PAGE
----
Taxes and surcharges are undoubtedly one of the biggest pain points when it comes to using our hard-earned frequent flyer points. When you’re flying in Business or First Class, you could be up for AU$600 or more in taxes and carrier charges for a one-way reward flight to Europe. Thankfully, some airlines – such as Finnair – are bucking the trend with surcharges.

Although Finnair doesn’t fly to Australia, the airline does cover a range of Asian destinations including Singapore. Use your points to fly to Lapland in the lap of luxury and you could pay just AU$60 in fees and taxes for a 12-hour Business Class flight to Helsinki. What a bargain, especially considering Finnair is launching a new Business Class seat in 2022!

Finnair Business Class
Finnair’s new ‘sofa in the sky’ debuts in 2022. The pillows and duvets are supplied by Marimekko.

Here’s why Finnair should be on the top of your list when using Qantas (or other oneworld programs) points for a European getaway.

Finnair doesn’t have carrier charges

Carrier charges are the bane of frequent flyers looking to redeem their points. When you book a reward flight, you’re expected to cover airport and third-party fees and charges with a cash payment. That’s fine.

But carrier charges are essentially an extra arbitrary fee that an airline charges for the privilege of booking a reward seat. It can reach hundreds of dollars per person. As you can imagine, that’s going to hurt the hip pocket on a return booking.

Qatar Airways Qsuites is a great use of Qantas Points, but it will cost you dearly in carrier charges.

And often, this carrier charge is significantly more expensive for premium cabin redemptions, compared to Economy on the same flight.

Many airlines have carrier charges. Within the Oneworld alliance, some of the airlines that charge high fees with Qantas Points include Qatar Airways, British Airways and Qantas themselves. But Finnair’s carrier charges are zip, zero, nada.

Comparing carrier charges between Finnair and British Airways

Let’s compare two reward flights – Singapore to Amsterdam with British Airways and Finnair (going via each airline’s home city as a transit). Both options cost 104,500 Qantas Points in Business Class and take roughly the same amount of time. But what about the co-payment?

Comparison of Singapore-Amsterdam flight surcharges. Checked 14 Feb 2022 for travel on 13 Oct 2022.

Well, British Airways charges S$358 in carrier charges against nothing from Finnair. Taking into account slightly higher fees transiting London Heathrow, you’ll be S$371 (AU$387) better off per person on a one-way flight. For a couple, that’s almost AU$775 saved on surcharges when flying Finnair – enough for a luxury hotel stay and a nice meal out instead.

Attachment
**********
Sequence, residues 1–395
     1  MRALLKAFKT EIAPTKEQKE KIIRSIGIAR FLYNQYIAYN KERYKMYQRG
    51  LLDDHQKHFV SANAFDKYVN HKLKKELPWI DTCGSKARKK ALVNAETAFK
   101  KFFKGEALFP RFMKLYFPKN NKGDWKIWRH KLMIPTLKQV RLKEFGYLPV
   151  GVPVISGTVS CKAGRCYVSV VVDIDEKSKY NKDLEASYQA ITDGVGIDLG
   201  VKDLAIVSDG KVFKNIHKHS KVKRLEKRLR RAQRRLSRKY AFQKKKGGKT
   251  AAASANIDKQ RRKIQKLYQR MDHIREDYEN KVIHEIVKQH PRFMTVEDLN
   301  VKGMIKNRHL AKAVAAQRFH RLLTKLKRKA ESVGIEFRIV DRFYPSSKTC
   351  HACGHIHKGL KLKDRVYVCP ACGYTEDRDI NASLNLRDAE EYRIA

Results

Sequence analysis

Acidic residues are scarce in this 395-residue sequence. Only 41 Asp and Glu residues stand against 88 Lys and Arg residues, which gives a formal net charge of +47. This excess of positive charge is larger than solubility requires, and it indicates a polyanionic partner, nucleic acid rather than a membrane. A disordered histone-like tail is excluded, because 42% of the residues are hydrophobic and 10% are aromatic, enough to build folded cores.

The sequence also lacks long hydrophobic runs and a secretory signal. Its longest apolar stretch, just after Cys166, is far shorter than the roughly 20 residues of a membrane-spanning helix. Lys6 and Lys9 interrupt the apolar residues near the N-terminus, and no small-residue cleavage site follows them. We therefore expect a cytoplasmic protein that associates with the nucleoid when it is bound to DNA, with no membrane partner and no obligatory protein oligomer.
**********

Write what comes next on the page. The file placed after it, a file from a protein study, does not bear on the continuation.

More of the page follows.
Comparing carrier charges between Finnair and Qatar Airways

Here’s another example, looking at a trip from Amsterdam to Singapore with Finnair and Qatar Airways.

Comparison of Amsterdam-Singapore flight surcharges. Checked 14 Feb 2022 for travel on 10 Mar 2022.

Sadly, Qatar Airways lives up to its reputation of being one of the most expensive carriers to redeem Qantas Points on. You’re slugged with a €283 (AU$450) carrier charge, while the actual taxes are largely the same. For a couple, that’s an extra $900 in fees just to enjoy Qatar Airways’ excellent Qsuites Business Class.

But would you rather have that extra cash to enjoy on your holiday?

It’s important to note that Qatar Airways doesn’t levy carrier charges through all programs. For example, through its own Privilege Club program and through AAdvantage, you won’t have to pay any carrier charges. But through Qantas Frequent Flyer and Asia Miles, carrier charges are applied.

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How does Finnair’s Business Class product rate?

We consider Finnair’s current Airbus A330 and A350 Business Class experience to be competitive. You can expect industry-standard 1-2-1 seating with lie-flat beds and decent dining. It’s certainly much better than British Airways’ lagging Business Class, but perhaps not as awe-inspiring as the Qatar Airways Qsuite.

Finnair’s existing Airbus A350 Business Class. Photo credit: Anna Koskela for Finnair.

But come mid-2022, we will start seeing more of the intriguing ‘AirLounge’ sofa seat in Business Class, which will eventually be rolled out to the rest of Finnair’s Airbus A350s and A330s. Add to that the low carrier charges, and I think we might just have a winning combo for value.

The Finnair lounges in Helsinki are highly-regarded and recently refurbished. If you sport a Oneworld Emerald (e.g. Qantas Platinum) card, you can access the Platinum Wing lounge – which even features its own sauna!

Finnair Platinum Wing Helsinki seating
Read our review of the Finnair Platinum Wing lounge in Helsinki.

Summing up

For our Aussie readers, the main problem with Finnair is that the airline doesn’t fly to Australia. The closest Finnair destination you can get to is Singapore. You can add Qantas flights from Australia to Singapore and connect to Finnair in one booking, but the overall points cost will be higher because Qantas and Finnair are on different points tables.

Also read: how to book a reward seat with Qantas Points →

Plus, given you’ll have to detour via Helsinki even if Finland isn’t your final destination, and you can see why this ‘travel hack’ isn’t for everyone. But if you’re flexible with your travel time or destinations, then flying Finnair can certainly save you many hundreds of dollars in surcharges.

And if you’re booking a ’round-the-world’ (Oneworld Classic Reward) trip with Qantas Points, then adding Finnair for your European segments is an easy money-saving idea.

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Finnair aircraft images courtesy of Finnair.

Save big on surcharges when using Qantas Points with Finnair was last modified: August 24th, 2023 by Brandon Loo